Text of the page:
NEYLAND. Cellular Clothing (Ladies and Gent's) selling brisklv. Ask to see them. Display in window. Gent's and Boys Stylish Ready Clothing in stock.-G. H. BIDDLE COMBE., London House. The Old House again to the front. Now is the time to buy your Summer Hats. Having been to London and brought heme a large assortment of all the leading Millinery, we are in a position to execute orders for every description of Millinery, together with General Drapery, Boys and Men's ready-made Clothing at exceptionally low prices. The oldest and cheapest House locality. ALLEN S, Manchester House, Neyland. A. HARRIES, Proprietor. -ranchestcr House, -N-eyland.
BIRTHS. On the 14th inst., at Southampton Terrraca, Farringdon, Berks, the wife of Mr Joseph Davies., G.W.R., of a son. MARRIAGES. On the 10th inst.. at St. Cradoc Church, Reglan, Monmouthshire, by the Rev. G. M. Williams, vicar of Llanbadoc and Llanhowell, Henry Stafford, Gustard. of Parthycarne, Usk, to Ethel Dew, daughter of the Rev. C. M. Perkins, vicar of Rag- lan. DEATHS. On the 10th inst., at Marloes, after a long and painful disease, Edith, youngest daughter of Mr James Griffiths, aged 14 years. Daeply regretted. On the 12th inst.. at Ruther Lane, in this town (after much suffering), James Bowen, aged IS years. Deeply regretted. On the 11th inst., at Marble Hall, Milford, Thomas, the fourth son of William Furze, late of Brixham, aged 8 years. IN MEMORIAM. All notices inserted under the heading In Memoriam, are charged 2s 6d.
VISITING. WEDDING & MOURNING CARDS In a Great Variety and at very Low Prices can be I obtained. at the Telegraph Printing Offices, Bridge- street, Haverfordwest, or Priory Street, Milford Haven. A choice selection of Cards sent free be return of pof for intending purchasers to choose from.
APPROACHING EVENTS I EBEXEZER. The Church anniversary services will be held on Sunday and Monday, September 15th and 16th. Preacher: Rev. J. M. Saunders, M.A., Swansea. YOUNG HELPER'S LEAGUE (DR. BARITAEDO'S. —A concert in connection with the above will be held in the Masonic Hall, on Thursday evening, 3rd October. Rhosmarket Anniversary Services yrill "be held August 25th, when Rev. Gilbert Rees, W olfsdale will preach at 10.30 a.m., 2.30 and 6.30 p.m. Tier's Cross Church Anniversary will be held September Sth, when Rev. R. J. Williams. Brynsion and Carvan, will preach at 10.30 a.m., and G p.m. MORAVIAN" CHURCH, HAVERI GRI^VEST. Special collections will be made oil thu of Sun- day. Is ti, August, and the evening of Sundav. 25th, in aid of recent improvements in the Church. Special sermons will be preached. Subject: "John Huss, the great Bohemian Reformer and Martyr." Next Sunday evening, The testlIllOllY J ohu Huss sealed at Constance, with death. HILL PARK CIIAI'EL.—The church anni- versary will take place on Sundav, September I when the Rev. T A. Wihiams, Liverpool, (late of Clifton), will preach at 10.30, 2and p.m. Collections will be taken in aid 01 the building fund. MILLION PLEDGES CRUSADE.—HAVERFORD- WEST AND DISTRICT.—The Rev. William Mcttram, of London, will visit Haverfordwest and District in the interest of the above Crusade on Sunday, September 1st, and the following week, and will preach at the Albany in the morning at 11. and in the attarnocn at 2.30 will address a United Meeting of the Free Churches and Sunday Schools at Bethesda, and in the evening at six in the Tabernacle. Also: Monday, Septembet 2nd, at Keyston, at 7.30: Tuesday, ord, Wolisdale, do. Wednesday, 4th, Zion's Hill. do, Thursday, 5th. at Tiar's Cross, do.; Friday, ôth, Milford Haven, do. Saturday, 7th, Neyland, do. Collections will be taken at the meeting to defray the expenses of the crusade.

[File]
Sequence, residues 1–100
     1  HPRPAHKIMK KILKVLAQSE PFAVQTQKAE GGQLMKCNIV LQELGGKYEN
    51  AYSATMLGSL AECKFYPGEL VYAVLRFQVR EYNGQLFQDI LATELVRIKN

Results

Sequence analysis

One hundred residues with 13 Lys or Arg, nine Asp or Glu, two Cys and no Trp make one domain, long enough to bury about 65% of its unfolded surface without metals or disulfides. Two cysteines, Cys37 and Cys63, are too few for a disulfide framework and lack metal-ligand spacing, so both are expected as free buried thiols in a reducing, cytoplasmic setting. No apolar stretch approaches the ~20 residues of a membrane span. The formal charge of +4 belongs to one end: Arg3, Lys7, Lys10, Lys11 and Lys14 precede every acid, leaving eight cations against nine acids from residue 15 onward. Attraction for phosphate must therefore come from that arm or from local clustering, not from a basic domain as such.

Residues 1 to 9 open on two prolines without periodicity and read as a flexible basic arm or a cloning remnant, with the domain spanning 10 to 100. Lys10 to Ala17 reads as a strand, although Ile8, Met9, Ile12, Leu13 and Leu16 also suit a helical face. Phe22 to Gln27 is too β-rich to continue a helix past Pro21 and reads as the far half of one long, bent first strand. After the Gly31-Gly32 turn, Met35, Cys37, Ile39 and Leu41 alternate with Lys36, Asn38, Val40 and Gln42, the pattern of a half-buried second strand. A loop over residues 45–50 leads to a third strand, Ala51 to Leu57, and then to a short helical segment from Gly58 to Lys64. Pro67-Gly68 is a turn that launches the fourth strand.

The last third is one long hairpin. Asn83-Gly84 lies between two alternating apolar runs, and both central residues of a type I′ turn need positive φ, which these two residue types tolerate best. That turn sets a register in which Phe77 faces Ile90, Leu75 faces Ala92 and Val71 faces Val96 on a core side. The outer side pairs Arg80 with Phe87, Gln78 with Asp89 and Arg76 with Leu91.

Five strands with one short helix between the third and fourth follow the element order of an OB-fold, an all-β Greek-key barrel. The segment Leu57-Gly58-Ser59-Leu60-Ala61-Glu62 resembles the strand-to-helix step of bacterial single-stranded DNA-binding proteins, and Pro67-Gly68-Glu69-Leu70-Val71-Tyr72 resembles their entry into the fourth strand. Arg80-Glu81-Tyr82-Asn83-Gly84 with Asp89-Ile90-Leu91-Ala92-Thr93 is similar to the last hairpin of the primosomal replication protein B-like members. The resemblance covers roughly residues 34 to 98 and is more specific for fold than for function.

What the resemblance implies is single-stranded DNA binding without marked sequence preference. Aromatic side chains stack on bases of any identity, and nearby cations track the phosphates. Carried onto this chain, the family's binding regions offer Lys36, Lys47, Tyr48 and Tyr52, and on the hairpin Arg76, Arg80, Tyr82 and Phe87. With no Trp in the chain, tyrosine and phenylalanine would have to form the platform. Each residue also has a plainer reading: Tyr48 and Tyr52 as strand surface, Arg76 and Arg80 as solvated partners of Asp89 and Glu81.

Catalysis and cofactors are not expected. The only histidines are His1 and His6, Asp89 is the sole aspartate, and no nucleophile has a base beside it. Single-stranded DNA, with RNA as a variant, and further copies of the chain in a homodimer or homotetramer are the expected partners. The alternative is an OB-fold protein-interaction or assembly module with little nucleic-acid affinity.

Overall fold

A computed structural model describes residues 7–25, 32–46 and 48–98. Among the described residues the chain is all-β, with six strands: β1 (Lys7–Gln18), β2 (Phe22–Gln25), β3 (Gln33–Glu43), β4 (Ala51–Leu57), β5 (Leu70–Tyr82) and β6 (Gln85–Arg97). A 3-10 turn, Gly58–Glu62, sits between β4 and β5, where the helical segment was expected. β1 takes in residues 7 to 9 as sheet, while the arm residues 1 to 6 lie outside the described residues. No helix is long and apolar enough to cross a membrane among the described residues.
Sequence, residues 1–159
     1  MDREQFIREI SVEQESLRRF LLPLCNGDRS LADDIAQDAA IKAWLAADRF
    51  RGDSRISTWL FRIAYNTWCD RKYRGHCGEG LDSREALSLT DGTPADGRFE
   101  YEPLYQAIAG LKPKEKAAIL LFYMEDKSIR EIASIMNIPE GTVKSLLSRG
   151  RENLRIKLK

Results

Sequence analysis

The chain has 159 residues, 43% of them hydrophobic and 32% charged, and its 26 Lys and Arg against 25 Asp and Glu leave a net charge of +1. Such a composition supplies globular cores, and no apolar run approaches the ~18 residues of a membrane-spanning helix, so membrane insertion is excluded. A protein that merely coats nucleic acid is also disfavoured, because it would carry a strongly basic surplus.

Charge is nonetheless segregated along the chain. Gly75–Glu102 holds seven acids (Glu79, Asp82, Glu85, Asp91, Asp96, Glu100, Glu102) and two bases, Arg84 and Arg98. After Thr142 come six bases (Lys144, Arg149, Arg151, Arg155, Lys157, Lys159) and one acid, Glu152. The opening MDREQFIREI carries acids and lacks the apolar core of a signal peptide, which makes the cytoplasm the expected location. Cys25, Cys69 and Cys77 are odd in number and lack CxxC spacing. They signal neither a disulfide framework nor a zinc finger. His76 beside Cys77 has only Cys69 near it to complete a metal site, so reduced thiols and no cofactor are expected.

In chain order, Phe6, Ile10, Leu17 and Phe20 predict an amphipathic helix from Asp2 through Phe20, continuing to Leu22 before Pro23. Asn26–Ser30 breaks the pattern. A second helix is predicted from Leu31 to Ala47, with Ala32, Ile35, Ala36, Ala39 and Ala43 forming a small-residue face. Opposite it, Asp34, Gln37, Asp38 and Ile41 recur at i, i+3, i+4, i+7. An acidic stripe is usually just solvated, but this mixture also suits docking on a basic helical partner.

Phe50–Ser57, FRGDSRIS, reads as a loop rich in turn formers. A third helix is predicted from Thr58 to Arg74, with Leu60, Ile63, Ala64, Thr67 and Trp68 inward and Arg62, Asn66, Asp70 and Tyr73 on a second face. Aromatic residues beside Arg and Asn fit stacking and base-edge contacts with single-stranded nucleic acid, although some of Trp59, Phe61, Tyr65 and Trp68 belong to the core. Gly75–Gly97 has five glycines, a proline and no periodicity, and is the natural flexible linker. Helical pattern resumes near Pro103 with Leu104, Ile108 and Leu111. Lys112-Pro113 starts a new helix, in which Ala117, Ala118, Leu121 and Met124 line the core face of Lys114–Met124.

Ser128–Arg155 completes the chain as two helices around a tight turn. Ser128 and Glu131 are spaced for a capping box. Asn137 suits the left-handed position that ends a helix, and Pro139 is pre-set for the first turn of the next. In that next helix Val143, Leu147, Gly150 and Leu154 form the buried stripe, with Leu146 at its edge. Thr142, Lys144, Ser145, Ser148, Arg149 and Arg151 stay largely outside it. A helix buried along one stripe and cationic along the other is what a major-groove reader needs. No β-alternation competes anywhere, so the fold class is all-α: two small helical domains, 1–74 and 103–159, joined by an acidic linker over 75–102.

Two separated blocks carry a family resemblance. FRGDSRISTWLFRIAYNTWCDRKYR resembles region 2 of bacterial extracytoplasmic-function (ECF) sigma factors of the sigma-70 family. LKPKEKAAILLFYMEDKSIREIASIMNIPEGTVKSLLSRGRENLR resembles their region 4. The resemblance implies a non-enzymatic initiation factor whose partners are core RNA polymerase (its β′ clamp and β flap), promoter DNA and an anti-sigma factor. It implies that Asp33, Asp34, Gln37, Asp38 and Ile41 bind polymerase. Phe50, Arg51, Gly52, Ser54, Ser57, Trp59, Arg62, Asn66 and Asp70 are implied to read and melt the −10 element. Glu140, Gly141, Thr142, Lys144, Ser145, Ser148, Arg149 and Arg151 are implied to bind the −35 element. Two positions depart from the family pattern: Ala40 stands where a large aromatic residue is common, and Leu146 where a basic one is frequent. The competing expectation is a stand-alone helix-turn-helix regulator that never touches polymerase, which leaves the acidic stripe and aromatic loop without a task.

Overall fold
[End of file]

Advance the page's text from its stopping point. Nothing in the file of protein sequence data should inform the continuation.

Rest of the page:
WEDDING CARDS! WEDDING CARDS!! NEW SELECTION JUST RECEIVED.—For specimens and prices, apply at the Teiearaph Offices, Haverfordwest and i Muford Haven.